“You’re the best, honey,” she said with a smile. “Kiss her for me.”

“I will. Call me when you leave.”

She hung up, standing for a moment with the phone in her hands, a picture of little Shanie on the lock screen, then she occupied her mind with the bastard in Interrogation Room Two and set her jaw.

Just a glimpse of her homelife and what she has at stake. You could say this goes under the category of banter, but it didn’t have to be, and its placement toward the middle of the story is an important distinction. She’ll be thinking back to this conversation in a short while when her world is upset and an old god rises.

Subtext—In The Raven, a young woman leaves a laptop and her purse behind in a coffee shop. When she doesn’t return, our protagonist/narrator wants to get the laptop back to her, and he states his reasons as being “worried about her,” but an attentive reader will figure out there’s more to it than that:

As you know, I’ve been working at Caffeine I.V. for like a month now. I know it’s not a job that fully utilizes my skill set, and it’s a huge pay cut from Apple, but I really needed to de-stress after the whole Mindy-pocalypse thing. So, I’ve been living off my savings and limiting my drinks to what I earn in tips. It’s been good. I’ve even managed to get to the gym a few times like I always promised I would.

Anyway, when I went in for my shift a couple days ago, there was this girl sitting at one of the tables. She had a caramel macchiato frap with the name “Francine” on it, and she was typing away at the keys of her laptop. Her hair was spiked up platinum blonde, with blue ringlets that came down past her ears—my kind of look. Tons of earrings, and a pierced nose too. The only makeup she had on was eyeliner, and she wore tons of that. Leather jacket, jeans—pretty normal there. Oh! Silver nails. Not long, or anything, but they were like…reflective.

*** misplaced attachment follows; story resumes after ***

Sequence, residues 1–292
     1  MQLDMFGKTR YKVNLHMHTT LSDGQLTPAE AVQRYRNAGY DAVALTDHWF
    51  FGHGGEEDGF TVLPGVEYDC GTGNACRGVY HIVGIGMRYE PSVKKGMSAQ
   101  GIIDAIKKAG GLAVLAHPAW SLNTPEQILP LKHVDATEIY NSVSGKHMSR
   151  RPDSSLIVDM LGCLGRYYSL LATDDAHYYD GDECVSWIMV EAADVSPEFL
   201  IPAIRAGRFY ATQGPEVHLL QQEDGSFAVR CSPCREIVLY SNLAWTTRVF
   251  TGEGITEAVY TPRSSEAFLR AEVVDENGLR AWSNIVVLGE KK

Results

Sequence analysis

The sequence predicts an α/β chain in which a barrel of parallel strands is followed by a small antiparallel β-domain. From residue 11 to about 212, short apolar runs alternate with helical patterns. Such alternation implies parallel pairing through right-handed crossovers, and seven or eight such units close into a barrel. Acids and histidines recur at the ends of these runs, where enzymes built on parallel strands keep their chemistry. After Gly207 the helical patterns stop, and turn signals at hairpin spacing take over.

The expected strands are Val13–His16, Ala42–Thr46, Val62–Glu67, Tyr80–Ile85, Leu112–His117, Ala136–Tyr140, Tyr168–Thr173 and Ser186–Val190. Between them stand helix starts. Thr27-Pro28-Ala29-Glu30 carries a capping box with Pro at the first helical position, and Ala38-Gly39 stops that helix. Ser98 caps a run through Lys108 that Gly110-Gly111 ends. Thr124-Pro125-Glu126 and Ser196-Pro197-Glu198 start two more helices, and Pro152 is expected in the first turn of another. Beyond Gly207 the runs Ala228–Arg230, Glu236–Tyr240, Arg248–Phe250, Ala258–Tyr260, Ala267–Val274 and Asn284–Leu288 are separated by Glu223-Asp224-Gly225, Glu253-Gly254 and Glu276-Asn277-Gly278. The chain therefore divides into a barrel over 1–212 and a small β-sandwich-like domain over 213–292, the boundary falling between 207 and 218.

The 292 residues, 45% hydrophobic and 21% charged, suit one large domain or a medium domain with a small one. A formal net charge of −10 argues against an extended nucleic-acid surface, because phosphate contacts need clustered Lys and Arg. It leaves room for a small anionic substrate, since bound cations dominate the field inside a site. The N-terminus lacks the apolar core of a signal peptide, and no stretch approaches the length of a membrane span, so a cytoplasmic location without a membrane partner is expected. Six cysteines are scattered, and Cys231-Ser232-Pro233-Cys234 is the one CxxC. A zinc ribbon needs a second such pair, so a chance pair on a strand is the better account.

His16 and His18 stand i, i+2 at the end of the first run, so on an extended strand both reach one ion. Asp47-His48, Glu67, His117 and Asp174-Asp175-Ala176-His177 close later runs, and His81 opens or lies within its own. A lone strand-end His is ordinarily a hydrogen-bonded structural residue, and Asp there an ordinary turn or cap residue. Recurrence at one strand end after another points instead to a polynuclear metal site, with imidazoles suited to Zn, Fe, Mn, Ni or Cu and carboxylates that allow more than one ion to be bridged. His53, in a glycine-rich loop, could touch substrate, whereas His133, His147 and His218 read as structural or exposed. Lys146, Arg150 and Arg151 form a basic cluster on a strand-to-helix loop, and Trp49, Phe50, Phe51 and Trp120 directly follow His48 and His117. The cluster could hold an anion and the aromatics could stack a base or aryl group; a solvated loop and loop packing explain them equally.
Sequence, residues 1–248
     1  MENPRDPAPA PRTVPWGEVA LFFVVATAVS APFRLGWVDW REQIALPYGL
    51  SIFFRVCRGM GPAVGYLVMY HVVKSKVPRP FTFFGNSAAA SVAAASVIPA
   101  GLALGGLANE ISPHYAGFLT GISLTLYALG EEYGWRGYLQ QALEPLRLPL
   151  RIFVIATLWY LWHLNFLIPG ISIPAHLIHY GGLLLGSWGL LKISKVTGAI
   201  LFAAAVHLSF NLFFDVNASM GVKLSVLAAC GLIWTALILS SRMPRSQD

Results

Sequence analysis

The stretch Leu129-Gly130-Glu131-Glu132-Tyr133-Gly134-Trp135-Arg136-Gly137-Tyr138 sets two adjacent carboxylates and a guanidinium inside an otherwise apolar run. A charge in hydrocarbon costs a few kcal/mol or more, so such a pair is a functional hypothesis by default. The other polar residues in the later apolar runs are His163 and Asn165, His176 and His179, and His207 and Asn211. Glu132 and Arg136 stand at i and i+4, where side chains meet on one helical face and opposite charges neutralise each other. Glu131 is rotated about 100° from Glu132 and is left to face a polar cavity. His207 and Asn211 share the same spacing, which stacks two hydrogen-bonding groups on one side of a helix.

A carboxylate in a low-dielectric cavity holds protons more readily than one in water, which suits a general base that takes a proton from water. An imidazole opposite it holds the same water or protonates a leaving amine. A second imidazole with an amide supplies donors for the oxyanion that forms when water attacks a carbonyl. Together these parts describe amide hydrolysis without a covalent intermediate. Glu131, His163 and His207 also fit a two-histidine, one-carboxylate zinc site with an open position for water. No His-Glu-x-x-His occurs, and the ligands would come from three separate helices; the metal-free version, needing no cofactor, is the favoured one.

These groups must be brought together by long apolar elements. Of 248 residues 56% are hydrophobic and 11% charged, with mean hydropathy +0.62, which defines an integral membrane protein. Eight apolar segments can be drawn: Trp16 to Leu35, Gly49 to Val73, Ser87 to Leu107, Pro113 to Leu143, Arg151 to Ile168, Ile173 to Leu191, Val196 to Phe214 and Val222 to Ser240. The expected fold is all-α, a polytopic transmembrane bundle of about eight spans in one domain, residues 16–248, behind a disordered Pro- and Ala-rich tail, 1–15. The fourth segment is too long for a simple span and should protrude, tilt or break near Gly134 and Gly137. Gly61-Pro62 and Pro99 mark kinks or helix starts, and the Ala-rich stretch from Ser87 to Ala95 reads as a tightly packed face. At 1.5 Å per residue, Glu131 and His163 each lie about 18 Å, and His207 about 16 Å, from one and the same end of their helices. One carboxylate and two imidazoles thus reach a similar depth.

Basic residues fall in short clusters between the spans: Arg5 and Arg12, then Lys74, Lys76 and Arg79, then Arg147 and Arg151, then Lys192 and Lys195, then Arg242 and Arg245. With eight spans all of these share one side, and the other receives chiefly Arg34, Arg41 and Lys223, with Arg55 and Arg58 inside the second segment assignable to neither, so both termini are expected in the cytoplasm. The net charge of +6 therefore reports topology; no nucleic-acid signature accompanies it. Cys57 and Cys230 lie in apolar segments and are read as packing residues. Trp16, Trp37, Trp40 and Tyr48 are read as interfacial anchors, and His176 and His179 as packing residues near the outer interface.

There aren’t enough words in a story this short to come right out and say everything, but I have faith in my reader to pick it up, and through it, relate to who the protagonist is. He went through a recent break-up, and he really notices Francine. He doesn’t describe much of the coffee house he works in, but after a passing glance at Francine, he describes what color her nails are. Yes, he’s smitten. And the fact that he can feel that so intensely but can’t bring himself to say it tells you a lot about him. With any luck, it endears him to you. He’s someone you know. And later, when he cracks the security on her laptop and terrible people come after him, you’ll be scared because you relate.

So, to cut things short, if your story isn’t working with beta readers, consider the question, “Why do we care about my protagonist?” (Note, I didn’t say like my protagonist. There is a difference, but that could be a post of its own.) If you don’t have a strong answer for that question, you may consider adding more characterization. The above options can help you do this without adding too many words to your story.


Ichabod Ebenezer is the genre-promiscuous author of “A Shadow Stained in Blood” as well as countless short stories ranging from Horror to Sci-fi, from Fantasy to Mystery. He lives and writes in the Pacific Northwest with his family, a chameleon, and the ghosts of three cats. His latest book, Beyond the Rail and Other Nightmares, is now available on Amazon and other fine retailers, but there is always another skeleton at the back of his closet.

Find more of his work at his website.